I was merely trying to provide an option for a world-after-Keith. The reality is that Keith created an app that was revolutionary. I’m not so sure, if there is a protégé in line; and if there is one, how can one ensure that the same level of care and concern is placed in the app, and it’s code-architectural direction remains on track?

To satisfy everyone, I just think open-sourced is a way to go for an originally closed source app post its original developer’s lifetime. Licenses are only valid based on the life of the independent developer creating the license. Once the latter expires, unless something is planned before hand, so does the former.

Open-source at least allows some level of control for users. Nobody is making any money for anything, I know, and in this sense, perhaps development will stagnant. But if the developer is no longer on the planet, what gives?

Let’s not consign Keith to an early grave here. Talk of his impending demise is ‘greatly exagerated’

The reality is that it’s Keith’s call if he wants Scrivener to live on tomorrow, a year from now, ten years from now, if he wants to sell it to Google tomorrow, or whatever. It really is not our business.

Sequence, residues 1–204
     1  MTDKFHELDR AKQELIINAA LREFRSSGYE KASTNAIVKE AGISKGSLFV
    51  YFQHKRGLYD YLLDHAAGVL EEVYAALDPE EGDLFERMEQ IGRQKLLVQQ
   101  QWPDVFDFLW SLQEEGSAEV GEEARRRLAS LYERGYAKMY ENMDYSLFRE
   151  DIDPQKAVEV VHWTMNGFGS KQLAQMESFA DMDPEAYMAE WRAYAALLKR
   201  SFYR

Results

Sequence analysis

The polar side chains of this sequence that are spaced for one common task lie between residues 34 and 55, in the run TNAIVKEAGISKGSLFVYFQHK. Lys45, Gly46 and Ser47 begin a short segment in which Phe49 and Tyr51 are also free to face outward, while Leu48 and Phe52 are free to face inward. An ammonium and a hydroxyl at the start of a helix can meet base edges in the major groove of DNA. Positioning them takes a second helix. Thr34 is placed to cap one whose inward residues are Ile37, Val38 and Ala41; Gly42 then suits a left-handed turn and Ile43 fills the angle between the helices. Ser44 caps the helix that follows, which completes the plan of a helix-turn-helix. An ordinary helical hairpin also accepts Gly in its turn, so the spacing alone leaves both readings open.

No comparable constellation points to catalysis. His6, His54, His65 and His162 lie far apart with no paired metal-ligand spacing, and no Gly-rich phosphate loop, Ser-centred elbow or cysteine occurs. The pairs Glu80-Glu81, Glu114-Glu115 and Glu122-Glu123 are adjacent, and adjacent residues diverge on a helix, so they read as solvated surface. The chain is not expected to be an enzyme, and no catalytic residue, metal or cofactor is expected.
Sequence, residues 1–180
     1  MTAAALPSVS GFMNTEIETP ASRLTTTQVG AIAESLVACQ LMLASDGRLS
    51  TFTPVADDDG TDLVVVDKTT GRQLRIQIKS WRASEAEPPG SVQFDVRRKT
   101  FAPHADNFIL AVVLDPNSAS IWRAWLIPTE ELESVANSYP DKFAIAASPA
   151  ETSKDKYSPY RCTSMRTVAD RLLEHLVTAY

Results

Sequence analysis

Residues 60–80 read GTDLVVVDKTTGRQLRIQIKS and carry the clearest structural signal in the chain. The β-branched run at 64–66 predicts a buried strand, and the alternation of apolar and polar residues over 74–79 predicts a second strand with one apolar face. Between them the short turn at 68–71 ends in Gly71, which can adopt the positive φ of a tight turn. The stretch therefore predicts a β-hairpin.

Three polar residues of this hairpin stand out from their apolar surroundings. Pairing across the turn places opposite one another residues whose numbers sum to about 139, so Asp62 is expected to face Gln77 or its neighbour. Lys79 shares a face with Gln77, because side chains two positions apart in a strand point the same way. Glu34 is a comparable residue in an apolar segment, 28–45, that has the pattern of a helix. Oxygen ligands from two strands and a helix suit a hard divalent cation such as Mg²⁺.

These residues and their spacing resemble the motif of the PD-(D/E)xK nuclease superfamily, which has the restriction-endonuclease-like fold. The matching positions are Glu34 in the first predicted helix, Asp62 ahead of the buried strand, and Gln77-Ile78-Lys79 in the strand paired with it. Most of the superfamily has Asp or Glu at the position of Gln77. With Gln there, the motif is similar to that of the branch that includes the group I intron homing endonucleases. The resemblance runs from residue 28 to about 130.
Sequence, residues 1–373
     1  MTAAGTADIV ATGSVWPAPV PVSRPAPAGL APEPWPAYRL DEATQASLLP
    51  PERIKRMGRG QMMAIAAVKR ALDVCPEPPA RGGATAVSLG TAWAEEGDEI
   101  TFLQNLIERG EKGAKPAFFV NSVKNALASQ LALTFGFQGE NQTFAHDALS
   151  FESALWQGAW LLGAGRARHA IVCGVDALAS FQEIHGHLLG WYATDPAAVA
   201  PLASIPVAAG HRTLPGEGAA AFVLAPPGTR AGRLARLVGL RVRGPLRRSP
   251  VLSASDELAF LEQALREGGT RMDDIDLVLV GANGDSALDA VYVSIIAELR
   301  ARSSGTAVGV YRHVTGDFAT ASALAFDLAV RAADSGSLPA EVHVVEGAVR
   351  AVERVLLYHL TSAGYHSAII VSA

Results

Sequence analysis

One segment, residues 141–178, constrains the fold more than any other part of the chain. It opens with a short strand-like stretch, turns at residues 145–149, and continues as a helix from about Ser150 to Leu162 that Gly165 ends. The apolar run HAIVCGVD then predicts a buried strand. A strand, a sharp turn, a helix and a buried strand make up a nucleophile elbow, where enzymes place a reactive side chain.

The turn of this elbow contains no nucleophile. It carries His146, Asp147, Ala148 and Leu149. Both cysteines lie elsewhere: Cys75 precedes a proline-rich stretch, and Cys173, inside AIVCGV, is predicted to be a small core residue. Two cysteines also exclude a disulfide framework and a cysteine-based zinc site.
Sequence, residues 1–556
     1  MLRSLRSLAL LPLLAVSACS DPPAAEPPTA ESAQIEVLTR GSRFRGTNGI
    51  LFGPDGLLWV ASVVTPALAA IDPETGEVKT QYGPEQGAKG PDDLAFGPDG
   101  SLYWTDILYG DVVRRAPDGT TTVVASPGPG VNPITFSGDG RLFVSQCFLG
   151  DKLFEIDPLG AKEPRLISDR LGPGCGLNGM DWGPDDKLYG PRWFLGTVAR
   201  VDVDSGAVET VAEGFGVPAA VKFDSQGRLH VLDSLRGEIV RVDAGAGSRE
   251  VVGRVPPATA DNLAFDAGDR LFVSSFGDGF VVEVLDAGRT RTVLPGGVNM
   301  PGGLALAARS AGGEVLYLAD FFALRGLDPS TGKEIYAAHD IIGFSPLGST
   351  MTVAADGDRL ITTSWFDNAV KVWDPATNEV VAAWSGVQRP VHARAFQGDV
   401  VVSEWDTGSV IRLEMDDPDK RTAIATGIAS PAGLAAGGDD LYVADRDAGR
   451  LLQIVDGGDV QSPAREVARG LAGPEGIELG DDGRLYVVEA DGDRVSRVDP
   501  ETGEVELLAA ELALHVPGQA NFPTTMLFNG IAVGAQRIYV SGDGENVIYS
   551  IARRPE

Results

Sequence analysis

The reality is also that no matter how much effort one puts into trying to ensure one’s code legacy stays “on track,” one can’t really do it. Real life computing is going to change and evolve past any plans or contingencies.

My advice is to evaluate Scrivener as it exists now and see if it meets your current and near-future needs. As it stands right now, you can get your data out of it if you need to.

If Keith wants to hand over control of Scrivener to some open source group at some future point, that is totally his call – not ours. I think it’s a bit ballsy to even suggest such a thing just because one is a superfan of the software. Really really liking a piece of software does not grant entitlements beyond the purchased license.

If the past couple of years have taught us nothing, it’s that none of us are guaranteed immortality. You and I both could get hit by a bus tomorrow, or be struck by freak meteorites, leaving Keith to have a moment of sadness for us, and then wouldn’t this whole discussion be silly?